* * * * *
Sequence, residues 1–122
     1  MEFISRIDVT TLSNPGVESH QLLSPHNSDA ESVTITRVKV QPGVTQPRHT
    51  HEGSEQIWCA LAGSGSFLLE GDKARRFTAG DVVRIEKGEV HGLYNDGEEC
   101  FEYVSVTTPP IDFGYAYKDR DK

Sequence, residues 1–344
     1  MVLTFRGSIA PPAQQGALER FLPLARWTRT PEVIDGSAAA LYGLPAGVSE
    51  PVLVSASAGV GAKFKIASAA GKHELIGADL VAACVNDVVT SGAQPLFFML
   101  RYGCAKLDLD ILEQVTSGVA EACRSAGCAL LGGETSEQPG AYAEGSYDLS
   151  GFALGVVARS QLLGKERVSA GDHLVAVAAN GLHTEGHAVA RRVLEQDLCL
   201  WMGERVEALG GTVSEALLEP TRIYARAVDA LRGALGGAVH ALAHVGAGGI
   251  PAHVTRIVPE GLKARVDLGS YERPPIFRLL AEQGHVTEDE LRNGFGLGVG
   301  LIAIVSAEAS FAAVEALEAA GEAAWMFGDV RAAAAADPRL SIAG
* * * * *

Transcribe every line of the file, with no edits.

Sequence, residues 1–122
     1  MEFISRIDVT TLSNPGVESH QLLSPHNSDA ESVTITRVKV QPGVTQPRHT
    51  HEGSEQIWCA LAGSGSFLLE GDKARRFTAG DVVRIEKGEV HGLYNDGEEC
   101  FEYVSVTTPP IDFGYAYKDR DK

Sequence, residues 1–344
     1  MVLTFRGSIA PPAQQGALER FLPLARWTRT PEVIDGSAAA LYGLPAGVSE
    51  PVLVSASAGV GAKFKIASAA GKHELIGADL VAACVNDVVT SGAQPLFFML
   101  RYGCAKLDLD ILEQVTSGVA EACRSAGCAL LGGETSEQPG AYAEGSYDLS
   151  GFALGVVARS QLLGKERVSA GDHLVAVAAN GLHTEGHAVA RRVLEQDLCL
   201  WMGERVEALG GTVSEALLEP TRIYARAVDA LRGALGGAVH ALAHVGAGGI
   251  PAHVTRIVPE GLKARVDLGS YERPPIFRLL AEQGHVTEDE LRNGFGLGVG
   301  LIAIVSAEAS FAAVEALEAA GEAAWMFGDV RAAAAADPRL SIAG